Second, just like schools have to rethink many of the ways they conduct outreach to parents (i.e. going beyond open houses and parent-teaching conferences) who may have never finished school or have terribly negative associations with “traditional” school outreach, we need to figure out how we become less scary to the individual who has only ever seen church as a place of negativism, hypocrisy, obligation and hurt. Whether those in established religion want to believe it or not, these are some of the reasons young families don’t just NOT go to church but AVOID anything with a religious connotation.
Those same traditions that bring us comfort and peace are representative of a time and place where a hurting soul came to be loved, nurtured and transformed and instead found judgment. By being willing to shed these traditions in favor of a worship experience that is still liturgical, worshipful and gospel-centered but is also in tune with the needs and styles of these individuals, we acknowledge that we are truly a “Christ-Centered Community of Hope and Belonging for ALL.”
By being willing to put words on the screen and sing with guitars and piano, we remove the stigma that only musically-inclined people who appreciate pipe organ and three part harmony attend church. By incorporating dramatic elements that provide real-life examples to make otherwise foreign and difficult concepts relevant and real, we acknowledge that the purpose of a sermon is the message (the GOSPEL centered message) not how it gets to you. By providing moments of intimacy during the worship service (communion in the round, sharing of the peace at the beginning, opportunities for personal connection) we acknowledge that we are a community that cares for and responds to the needs of our members and the world while focusing on God’s message as we worship Him.
The most important thing to understand is this is not an “us” versus “them” discussion, and it can never be.
We are called to serve.
Young families not attending church are raising the next generation … do you want to have a say in introducing those children to Christ and shaping their values, or not? Will you turn your backs on them and hold fast to tradition while they drown in a sea of anger and self-doubt or will you “not conform any longer to the pattern of this world, but be transformed by the renewing of your mind. Then you will be able to test and approve what God's will is—his good, pleasing and perfect will” (Romans 12:2 New International Version).
More Faith Journey Musings
Saturday, April 25, 2009 at 10:28pm
I am enjoying the crackle of raindrops on my window, cuddled up under my blanket next to the fire. In this tranquil calm, I am re-reading a pivotal book in my ever-evolving faith journey -- Amazing Grace by Kathleen Norris. I find Norris' book comforting in that she puts to page her struggles with Christianity, faith and the church through a discussion of the "scary vocabulary" of organized religion. Norris hits on many things I struggle to come to terms with as I attempt to live, day by day, the life to which I am called.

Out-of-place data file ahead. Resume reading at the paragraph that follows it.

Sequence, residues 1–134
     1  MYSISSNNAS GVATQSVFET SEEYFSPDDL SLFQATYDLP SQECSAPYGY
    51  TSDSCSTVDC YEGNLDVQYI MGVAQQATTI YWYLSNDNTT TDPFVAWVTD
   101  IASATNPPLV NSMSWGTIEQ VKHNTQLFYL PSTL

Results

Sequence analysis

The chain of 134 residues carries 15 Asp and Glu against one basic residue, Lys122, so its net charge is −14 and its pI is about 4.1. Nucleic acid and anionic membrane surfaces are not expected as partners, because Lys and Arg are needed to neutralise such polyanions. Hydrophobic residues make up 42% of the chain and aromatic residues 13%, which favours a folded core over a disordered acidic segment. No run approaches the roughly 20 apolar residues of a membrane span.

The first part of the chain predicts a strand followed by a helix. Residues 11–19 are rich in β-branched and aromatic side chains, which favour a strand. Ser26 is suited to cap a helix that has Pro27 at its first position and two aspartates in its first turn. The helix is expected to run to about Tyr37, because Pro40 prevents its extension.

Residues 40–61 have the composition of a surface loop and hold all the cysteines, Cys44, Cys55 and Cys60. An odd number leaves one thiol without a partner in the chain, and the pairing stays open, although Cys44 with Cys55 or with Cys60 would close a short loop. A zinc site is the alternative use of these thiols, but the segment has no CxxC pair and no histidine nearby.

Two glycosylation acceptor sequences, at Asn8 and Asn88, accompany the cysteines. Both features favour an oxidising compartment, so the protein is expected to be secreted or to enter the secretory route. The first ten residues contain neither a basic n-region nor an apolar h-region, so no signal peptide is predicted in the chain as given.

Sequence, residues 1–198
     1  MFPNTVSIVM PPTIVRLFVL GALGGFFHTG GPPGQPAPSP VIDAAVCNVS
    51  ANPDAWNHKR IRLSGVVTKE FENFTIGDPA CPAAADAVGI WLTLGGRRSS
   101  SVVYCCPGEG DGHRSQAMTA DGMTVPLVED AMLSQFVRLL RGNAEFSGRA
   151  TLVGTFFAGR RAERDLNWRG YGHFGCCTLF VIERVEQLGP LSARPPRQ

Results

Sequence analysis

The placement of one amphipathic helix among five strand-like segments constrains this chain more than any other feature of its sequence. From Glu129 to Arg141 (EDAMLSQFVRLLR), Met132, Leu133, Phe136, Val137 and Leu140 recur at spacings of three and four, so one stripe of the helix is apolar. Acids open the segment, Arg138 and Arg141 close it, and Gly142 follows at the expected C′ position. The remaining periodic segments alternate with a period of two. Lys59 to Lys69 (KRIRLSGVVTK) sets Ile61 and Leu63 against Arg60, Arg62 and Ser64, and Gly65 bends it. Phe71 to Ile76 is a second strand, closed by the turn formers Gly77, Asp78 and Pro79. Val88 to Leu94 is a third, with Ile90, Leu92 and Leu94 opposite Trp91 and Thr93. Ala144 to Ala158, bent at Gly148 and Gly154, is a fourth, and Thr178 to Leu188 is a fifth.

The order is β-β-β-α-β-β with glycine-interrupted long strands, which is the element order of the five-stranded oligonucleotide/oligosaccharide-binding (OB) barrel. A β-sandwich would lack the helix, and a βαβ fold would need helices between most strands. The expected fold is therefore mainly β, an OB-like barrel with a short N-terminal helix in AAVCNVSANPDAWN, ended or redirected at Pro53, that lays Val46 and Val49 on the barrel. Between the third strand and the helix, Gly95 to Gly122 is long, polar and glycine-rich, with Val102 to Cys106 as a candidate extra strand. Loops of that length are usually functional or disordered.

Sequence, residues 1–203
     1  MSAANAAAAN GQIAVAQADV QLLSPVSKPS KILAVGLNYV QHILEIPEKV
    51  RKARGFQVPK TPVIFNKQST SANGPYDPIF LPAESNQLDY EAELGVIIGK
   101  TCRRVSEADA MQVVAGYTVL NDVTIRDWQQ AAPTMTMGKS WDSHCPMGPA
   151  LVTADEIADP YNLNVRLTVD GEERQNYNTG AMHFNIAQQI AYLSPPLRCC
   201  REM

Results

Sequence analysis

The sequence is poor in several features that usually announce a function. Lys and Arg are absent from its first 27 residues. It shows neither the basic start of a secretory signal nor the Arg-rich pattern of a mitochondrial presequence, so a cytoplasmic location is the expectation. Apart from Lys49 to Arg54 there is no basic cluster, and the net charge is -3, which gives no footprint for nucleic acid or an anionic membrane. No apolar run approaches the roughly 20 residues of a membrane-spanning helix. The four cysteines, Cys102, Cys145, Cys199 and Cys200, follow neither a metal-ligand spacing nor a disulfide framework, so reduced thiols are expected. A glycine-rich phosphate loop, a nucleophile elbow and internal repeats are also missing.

It is nice to find a kindred soul enmeshed in the pages of this book. Norris grew up in a Christian family and is intimately familiar with the "insider's track" of faith and religion. In the course of life, she abandoned religion and faith for nearly 20 years and returned not to simply fall into monotonous ritual but to find it out and make it her own. Norris accepts neither the standard language of religion nor the assumed practices that one size can and must fit all. She understands the inherent community necessitated of faith yet pushes herself to seek the intimate details of her own faith to grab hold and make it her own.
As I return to this intelligent, inspiring discussion, I am reminded of the days, not so distant, when I sought a faith community, not for the sake of Christ or religion, but as a stranger in a strange place in search of connection and family.
I found there a family -- a pastoral church and tight-knit community that swallowed me up and held me tight despite my erratic attendance and wavering faith. When asked to teach Sunday School I declined, unable to resolve teaching young children the fundamentals of God's story when I could not confidently say, "I believe!"
These people were Christ to me, inviting me into their homes, helping me haul furniture when I outfitted my apartment, engaging me in meaningful pursuits of my talents and abilities. They saw me - God's child - lost and lonely, and they opened their tight circle, invited me in and gave me a home.
My time with this beloved family was, in all reality, terribly brief. Not two years later I found myself in the city and state of my youth, surrounded by family and awash in friendships. In this abundance I found myself a pawn of the ever-changing tide, close and certain of faith one minute and empty in panicked doubt the next.
And somewhere along the line, I am honestly not sure when, I found myself with more certainty of my faith than doubtful. God placed in front of me a series of His children in need of love and awakened in me a desire to be that source of love for them. In that safe place, they found the courage to ask their shameful questions and God helped me navigate my uncertain answers.And so, tonight, I reminisce about the journey God will take us on if we have the courage to live fully our doubts as we seek to navigate our way toward the answers He would have us discover.
I was reminded this week of a quote I hold dear:"Be patient towards all that is unsolved in your heart and try to love the questions themselves like locked rooms...Do not seek the answers, they cannot be given you because you would not be able to live them. And the point is, to live everything. Live the questions now. Perhaps you will then gradually, without noticing it, love along some distant day into the answers." ~ Rainer Maria Rilke, Letters to a Young Poet